One might think with such a nice easy Point A to Point B plot, we'd have time to get to know the characters involved, but unfortunately not so much. Of the SEALs who are actually participating outside the action scenes, only two of them really have any screen time to speak of, and most of our time spent with them is rehashing their very first scene where one ribs the other about having a baby.

The rest of the group gets a very brief narration at the beginning of the film as to who they are, but otherwise have almost no dialog to speak of with the exception of the interrogator who gets some time near the end in arguably the best scene in the film.

Despite the emphasis on the SEALs being the stars, the supporting cast does feature quite a few recognizable faces from TV and other bit parts. Their characters are almost entirely glossed over though, including the CIA agent that ends up tortured. We spend a few minutes with her learning she is good at Scrabble and likes children, but that's it. Once she's rescued, she disappears from the film entirely.

The only characters the film does seem to develop are the main villains, creating a couple of guys who are not merely caricatures of evil as liberal critics would have you believe. The smuggler clearly loves his family and is not totally on board with the terrorist. The terrorist similarly feels the weight of sacrificing his lieutenants.

Naturally, the 300 lb. gorilla in the room is the acting. Suffice it to say, you can tell who does what for a living. Although I will add the SEALs do much better when they're one on one with one of the pros or when doing the action stuff.

The action, by the way, is standard action movie fare. Nothing terribly special, and the camera doesn't really hold still long enough to get the full effect of the live ammo that was used. The First Person Shooter cam shows up too, which thoroughly ruins any feeling of authenticity that was built up by making it look like somebody stopped the movie and hooked up an X-Box.

Once the video game cutscene is over, Act of Valor closes on a strong and touching note, but not because it's the natural end result of the film building up to it. In fact that part could be cut out and run standalone as a commercial, and it would likely still pluck at the heart strings of anyone who saw it so long as they were informed these guys were real Navy SEALs and not actors.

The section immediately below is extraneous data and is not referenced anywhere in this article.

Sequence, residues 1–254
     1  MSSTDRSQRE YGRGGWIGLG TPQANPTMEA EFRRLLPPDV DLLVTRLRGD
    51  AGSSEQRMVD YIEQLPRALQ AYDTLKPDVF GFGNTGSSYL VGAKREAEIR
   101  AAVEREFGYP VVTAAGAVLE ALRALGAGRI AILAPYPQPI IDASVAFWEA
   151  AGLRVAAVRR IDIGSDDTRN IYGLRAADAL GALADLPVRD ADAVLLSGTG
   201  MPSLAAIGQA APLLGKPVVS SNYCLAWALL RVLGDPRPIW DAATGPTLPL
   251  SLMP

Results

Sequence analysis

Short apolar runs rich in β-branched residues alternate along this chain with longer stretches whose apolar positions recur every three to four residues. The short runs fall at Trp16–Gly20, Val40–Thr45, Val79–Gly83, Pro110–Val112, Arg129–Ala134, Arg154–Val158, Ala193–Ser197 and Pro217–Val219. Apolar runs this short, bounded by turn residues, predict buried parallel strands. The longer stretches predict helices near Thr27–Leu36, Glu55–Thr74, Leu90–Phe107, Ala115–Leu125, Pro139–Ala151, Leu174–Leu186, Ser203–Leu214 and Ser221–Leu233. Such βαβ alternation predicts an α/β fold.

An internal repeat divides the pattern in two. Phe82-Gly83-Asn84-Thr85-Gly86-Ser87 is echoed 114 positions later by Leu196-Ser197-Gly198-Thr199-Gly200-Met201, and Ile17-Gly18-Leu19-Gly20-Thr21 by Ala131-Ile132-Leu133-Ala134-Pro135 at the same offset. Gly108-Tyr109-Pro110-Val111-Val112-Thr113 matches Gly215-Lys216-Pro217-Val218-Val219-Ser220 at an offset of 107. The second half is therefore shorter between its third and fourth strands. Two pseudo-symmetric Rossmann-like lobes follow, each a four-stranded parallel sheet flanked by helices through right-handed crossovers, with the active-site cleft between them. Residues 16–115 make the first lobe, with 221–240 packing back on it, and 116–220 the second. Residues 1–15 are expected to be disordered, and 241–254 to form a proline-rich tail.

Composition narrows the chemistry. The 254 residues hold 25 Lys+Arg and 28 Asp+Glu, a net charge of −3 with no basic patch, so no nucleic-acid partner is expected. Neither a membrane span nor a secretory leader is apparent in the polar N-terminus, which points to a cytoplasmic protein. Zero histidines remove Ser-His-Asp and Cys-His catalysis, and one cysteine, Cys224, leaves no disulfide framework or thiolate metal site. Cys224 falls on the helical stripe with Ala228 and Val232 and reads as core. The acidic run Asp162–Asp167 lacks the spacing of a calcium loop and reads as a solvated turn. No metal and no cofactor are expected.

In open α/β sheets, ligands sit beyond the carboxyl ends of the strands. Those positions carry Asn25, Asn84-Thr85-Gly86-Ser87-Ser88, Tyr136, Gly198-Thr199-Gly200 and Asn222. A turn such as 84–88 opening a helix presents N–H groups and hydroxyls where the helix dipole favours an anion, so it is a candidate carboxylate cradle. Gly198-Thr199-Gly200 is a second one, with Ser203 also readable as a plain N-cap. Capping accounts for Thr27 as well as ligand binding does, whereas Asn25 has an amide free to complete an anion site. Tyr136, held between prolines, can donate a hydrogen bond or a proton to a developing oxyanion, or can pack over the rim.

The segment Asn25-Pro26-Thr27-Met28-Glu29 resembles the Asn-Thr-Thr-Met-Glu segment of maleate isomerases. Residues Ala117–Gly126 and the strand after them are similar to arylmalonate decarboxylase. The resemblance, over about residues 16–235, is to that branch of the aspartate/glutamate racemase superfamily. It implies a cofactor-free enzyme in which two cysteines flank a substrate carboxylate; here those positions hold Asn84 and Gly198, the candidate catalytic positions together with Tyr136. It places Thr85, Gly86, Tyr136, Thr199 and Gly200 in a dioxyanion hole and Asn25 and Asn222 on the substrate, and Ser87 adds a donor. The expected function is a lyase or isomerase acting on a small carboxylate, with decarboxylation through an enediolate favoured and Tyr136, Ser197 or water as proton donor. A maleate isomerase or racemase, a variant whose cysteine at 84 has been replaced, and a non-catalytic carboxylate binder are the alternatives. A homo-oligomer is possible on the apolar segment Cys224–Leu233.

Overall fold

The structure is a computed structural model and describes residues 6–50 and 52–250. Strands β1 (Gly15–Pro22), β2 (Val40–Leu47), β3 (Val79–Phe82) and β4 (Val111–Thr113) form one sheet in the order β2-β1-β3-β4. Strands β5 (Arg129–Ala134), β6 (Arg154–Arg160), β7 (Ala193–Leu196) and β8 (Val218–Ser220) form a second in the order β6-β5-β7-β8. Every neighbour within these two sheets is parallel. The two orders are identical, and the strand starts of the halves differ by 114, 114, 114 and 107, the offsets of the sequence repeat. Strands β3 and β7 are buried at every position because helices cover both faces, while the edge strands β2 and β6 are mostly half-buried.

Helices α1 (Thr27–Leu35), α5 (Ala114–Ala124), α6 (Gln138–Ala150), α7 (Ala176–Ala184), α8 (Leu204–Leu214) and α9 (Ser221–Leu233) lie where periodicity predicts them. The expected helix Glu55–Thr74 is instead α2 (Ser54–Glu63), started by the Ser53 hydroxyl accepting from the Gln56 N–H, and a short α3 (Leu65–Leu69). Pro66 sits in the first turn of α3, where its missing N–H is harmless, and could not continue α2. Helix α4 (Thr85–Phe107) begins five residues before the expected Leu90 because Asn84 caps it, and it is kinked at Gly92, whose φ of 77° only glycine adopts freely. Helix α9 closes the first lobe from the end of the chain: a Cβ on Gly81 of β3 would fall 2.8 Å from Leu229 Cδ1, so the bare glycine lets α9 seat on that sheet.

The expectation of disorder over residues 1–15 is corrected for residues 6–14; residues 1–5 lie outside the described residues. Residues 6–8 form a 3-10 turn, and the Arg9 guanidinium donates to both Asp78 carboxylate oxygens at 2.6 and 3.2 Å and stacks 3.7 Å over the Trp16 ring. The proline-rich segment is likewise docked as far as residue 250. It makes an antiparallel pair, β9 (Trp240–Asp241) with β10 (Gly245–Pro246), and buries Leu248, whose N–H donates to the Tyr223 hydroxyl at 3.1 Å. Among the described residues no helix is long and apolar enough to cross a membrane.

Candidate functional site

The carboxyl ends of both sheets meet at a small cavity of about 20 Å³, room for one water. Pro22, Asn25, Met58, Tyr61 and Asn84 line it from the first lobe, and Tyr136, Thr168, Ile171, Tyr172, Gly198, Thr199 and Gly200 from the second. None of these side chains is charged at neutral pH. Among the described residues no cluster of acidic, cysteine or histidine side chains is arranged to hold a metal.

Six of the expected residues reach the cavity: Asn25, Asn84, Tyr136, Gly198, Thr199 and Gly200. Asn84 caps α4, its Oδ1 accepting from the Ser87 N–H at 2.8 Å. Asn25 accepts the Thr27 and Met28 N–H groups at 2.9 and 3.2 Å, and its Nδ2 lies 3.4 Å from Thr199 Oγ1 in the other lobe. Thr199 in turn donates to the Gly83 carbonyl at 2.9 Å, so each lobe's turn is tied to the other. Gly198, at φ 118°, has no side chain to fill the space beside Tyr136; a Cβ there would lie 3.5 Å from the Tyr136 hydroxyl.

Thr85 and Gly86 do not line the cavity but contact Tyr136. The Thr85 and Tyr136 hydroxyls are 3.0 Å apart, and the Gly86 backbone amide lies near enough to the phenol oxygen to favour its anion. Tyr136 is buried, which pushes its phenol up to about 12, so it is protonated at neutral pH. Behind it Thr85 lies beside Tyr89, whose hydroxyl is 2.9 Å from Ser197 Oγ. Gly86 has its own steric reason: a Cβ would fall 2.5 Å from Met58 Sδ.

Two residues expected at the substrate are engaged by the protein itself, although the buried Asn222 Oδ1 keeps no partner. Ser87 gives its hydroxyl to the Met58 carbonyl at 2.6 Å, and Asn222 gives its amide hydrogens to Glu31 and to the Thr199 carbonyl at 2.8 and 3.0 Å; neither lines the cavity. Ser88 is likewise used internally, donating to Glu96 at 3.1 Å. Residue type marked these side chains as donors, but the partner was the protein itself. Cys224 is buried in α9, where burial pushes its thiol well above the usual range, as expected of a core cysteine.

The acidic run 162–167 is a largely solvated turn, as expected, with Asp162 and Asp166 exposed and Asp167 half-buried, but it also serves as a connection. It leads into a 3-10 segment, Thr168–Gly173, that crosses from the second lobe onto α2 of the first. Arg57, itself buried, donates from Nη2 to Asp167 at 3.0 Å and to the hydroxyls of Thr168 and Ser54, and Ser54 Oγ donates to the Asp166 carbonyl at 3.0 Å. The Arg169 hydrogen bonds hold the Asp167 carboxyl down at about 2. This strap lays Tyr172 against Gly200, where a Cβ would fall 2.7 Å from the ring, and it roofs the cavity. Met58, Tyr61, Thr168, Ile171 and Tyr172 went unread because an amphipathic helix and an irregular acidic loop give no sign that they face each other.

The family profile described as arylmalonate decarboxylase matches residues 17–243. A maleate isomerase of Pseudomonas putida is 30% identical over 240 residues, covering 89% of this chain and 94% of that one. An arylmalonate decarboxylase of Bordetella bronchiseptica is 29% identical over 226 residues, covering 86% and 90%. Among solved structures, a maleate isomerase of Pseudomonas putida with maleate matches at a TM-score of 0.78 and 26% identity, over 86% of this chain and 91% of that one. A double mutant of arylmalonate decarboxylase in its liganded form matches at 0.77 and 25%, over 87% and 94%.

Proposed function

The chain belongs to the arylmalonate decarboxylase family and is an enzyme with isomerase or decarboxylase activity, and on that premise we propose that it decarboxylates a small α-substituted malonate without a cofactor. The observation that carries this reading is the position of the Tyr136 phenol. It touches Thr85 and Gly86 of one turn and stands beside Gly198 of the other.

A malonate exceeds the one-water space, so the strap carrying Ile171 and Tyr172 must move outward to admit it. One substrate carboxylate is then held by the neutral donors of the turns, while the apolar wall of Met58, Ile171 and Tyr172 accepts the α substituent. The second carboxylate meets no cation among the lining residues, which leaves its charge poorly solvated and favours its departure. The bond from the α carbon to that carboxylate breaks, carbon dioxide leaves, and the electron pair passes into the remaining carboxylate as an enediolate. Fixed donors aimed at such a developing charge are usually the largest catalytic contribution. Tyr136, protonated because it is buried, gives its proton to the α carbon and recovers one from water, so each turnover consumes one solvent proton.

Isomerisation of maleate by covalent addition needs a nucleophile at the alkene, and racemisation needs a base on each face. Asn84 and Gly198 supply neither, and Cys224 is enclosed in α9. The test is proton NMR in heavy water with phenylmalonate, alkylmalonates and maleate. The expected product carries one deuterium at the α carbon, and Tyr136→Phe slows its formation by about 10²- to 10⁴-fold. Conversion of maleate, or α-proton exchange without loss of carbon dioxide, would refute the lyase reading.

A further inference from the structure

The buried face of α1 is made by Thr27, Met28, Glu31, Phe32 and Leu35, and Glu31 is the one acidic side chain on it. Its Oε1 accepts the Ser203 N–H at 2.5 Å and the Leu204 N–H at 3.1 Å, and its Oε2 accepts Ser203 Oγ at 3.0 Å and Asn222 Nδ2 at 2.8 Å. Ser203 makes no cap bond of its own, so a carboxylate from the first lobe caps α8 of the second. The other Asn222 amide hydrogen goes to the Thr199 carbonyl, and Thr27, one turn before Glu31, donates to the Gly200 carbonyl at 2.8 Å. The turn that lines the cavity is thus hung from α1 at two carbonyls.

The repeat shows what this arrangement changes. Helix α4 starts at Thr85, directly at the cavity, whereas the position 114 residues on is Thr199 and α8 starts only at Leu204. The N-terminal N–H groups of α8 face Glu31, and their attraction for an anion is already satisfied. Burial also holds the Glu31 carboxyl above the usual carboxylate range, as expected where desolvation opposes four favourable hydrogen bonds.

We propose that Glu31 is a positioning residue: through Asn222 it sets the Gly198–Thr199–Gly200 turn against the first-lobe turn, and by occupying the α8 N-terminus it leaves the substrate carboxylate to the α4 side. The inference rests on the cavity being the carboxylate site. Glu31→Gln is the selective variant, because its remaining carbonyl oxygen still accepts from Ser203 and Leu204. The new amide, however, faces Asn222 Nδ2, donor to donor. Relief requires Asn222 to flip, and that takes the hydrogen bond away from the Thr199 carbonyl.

That, I feel, is the crux of the difference between myself and those who liked this movie. The presence of the SEALs as actual participants creates an artificial connection to the film that helps people to overlook things that normally would be lambasted. Anyone who has a healthy respect and admiration for our military and the SEALs in particular will want to bend over backwards to ignore the things that Michael Bay certainly doesn't get a pass on.

Even in this review, which most would note as highly critical, I can't bring myself to use words like "terrible" to describe the movie, or to speak frankly about the quality of the acting in some scenes, because they're real people portraying things that they likely experienced first-hand. Were the SEALs' parts played by normal actors, I imagine the descriptions of it being "tremendous" and "great" would come back down to "not bad" and "watchable", and certainly would have me pulling no punches.

Ultimately, the only reason I could give to people to go see this movie is to support the SEALs themselves. Chances are if you're not a jaded sort like me, that aforementioned artificial connection will have you leaving the theater satisfied despite the flaws. However, if you really want a good movie about Navy SEALs, I would suggest finding a copy of Tears of the Sun instead which is far superior in every way.